Today, there are a variety of diseases caused by eating contaminated food, and about half of all cases involve plant products. Approximately four percent involve animal products, including beef, pork, poultry, and seafood. Despite these improvements, food-related illnesses remain a major concern. Contamination can occur at any stage of the production, processing, transportation, and preparation of food. Pathogens are infectious bacteria, parasites, and viruses. Most cases of food poisoning affect the digestive tract.
Some cases of food-borne illness can be mild to moderate and only require medical attention. Symptoms of food poisoning can be a nuisance but generally resolve without medical treatment. Some people, such as young children, elderly people, and pregnant women, are more likely to become ill than others. If these symptoms develop, contact your healthcare provider as soon as possible. Foodborne illnesses are also more common in elderly people and those with underlying medical conditions.
Modern poultry processing has led to an increase in the number of cases of food poisoning. Since the 1960s, concerns about food poisoning from undercooked or raw meat have increased. Food poisoning was first identified as a public health issue in the 1880s, and notification of illnesses was introduced in the UK and Wales. Since then, notification statistics have risen steadily. After World War II, local and national campaigns to educate commercial food handlers increased the number of cases.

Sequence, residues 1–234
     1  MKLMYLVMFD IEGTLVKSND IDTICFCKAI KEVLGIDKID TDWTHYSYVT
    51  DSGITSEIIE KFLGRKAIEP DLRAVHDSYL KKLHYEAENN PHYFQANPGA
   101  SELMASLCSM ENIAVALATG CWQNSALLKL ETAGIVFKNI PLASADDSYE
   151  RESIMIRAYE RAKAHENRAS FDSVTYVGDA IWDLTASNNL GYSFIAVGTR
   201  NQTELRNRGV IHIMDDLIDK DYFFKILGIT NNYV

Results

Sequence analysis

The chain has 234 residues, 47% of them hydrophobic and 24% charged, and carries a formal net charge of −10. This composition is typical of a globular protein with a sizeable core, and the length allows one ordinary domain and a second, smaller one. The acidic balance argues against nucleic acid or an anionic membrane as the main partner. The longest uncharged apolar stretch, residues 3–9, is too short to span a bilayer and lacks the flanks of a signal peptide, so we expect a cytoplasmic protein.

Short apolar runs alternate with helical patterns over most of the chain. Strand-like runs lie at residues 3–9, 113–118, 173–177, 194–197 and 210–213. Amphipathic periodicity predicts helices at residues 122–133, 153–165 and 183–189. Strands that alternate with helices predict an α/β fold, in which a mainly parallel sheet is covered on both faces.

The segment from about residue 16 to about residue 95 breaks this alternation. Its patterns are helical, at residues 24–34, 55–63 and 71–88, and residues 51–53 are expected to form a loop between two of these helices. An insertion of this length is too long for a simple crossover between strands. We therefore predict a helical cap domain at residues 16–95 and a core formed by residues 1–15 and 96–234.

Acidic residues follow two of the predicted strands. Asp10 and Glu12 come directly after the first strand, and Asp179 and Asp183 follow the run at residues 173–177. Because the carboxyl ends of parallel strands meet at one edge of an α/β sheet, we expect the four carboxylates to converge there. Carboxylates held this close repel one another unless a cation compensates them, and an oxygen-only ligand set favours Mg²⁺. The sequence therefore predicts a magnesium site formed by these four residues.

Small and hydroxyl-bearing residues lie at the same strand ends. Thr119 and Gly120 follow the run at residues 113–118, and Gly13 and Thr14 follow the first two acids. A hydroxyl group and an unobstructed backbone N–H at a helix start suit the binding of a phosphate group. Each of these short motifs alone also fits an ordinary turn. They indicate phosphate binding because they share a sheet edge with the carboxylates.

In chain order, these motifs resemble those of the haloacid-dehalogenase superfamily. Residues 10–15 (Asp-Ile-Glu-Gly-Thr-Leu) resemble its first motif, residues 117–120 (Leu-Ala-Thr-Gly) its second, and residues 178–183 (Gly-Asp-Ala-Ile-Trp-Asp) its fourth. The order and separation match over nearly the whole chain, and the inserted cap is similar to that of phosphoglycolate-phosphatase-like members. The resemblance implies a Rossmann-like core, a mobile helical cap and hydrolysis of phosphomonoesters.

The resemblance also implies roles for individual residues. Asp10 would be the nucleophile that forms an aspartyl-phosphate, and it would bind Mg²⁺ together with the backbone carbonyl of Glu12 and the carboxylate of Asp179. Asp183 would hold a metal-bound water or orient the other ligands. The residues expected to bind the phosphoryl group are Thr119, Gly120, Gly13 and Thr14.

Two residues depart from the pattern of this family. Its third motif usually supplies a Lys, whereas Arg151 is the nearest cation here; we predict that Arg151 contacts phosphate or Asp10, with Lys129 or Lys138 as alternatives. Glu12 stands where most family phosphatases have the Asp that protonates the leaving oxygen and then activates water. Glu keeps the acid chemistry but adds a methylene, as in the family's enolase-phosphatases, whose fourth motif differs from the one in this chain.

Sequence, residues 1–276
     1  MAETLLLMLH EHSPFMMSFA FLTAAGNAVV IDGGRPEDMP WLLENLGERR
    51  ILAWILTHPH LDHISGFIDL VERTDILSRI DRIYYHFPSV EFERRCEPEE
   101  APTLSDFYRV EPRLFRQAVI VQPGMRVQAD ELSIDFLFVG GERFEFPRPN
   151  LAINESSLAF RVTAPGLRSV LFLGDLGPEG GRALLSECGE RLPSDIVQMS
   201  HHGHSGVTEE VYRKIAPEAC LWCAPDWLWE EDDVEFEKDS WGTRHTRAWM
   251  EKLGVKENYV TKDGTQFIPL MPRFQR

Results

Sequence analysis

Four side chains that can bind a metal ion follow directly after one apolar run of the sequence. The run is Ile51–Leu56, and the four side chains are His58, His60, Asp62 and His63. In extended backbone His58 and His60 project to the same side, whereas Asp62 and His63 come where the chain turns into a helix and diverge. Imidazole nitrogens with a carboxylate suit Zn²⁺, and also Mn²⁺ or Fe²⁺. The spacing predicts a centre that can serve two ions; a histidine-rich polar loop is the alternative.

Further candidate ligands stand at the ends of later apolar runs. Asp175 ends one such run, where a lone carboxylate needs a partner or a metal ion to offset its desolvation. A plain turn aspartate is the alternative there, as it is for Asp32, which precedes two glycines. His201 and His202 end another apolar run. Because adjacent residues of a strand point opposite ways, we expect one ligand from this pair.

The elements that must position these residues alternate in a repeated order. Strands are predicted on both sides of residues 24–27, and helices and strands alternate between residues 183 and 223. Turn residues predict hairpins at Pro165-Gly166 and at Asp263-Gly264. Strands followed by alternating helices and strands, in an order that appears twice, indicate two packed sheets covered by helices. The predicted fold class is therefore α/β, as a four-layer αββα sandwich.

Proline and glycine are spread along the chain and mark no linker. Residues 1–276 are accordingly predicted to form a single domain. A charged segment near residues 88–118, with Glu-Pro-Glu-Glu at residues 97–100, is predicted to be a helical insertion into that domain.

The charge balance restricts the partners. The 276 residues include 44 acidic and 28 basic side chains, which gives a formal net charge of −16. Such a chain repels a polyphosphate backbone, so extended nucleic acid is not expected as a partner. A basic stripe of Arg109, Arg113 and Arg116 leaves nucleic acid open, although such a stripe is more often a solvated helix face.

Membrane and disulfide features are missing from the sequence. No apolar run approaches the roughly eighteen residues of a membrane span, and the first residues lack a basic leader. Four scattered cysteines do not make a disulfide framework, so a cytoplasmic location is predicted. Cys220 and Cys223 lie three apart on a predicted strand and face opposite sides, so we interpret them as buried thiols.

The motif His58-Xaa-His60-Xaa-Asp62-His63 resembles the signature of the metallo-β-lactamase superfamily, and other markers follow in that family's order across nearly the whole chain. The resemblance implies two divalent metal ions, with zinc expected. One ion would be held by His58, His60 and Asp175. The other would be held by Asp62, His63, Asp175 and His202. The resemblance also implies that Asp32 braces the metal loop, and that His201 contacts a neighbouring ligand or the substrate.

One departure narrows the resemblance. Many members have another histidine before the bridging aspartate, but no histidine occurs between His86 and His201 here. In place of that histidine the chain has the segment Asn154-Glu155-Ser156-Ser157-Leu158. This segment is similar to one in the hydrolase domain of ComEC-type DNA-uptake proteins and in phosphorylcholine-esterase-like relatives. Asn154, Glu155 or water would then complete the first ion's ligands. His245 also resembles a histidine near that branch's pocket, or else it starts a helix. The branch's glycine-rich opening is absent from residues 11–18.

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,organized crime investigation poisoning, try to drink plenty of water. Avoid drinking any beverages with caffeine or carbonation. Drink lots of water to avoid dehydration, which can lead to further complications. If you feel a stomach cramp or nausea, see a doctor as soon as possible. The symptoms of food poisoning are generally mild but can progress quickly. The treatment of food poisoning depends on the severity of the symptoms and the underlying condition.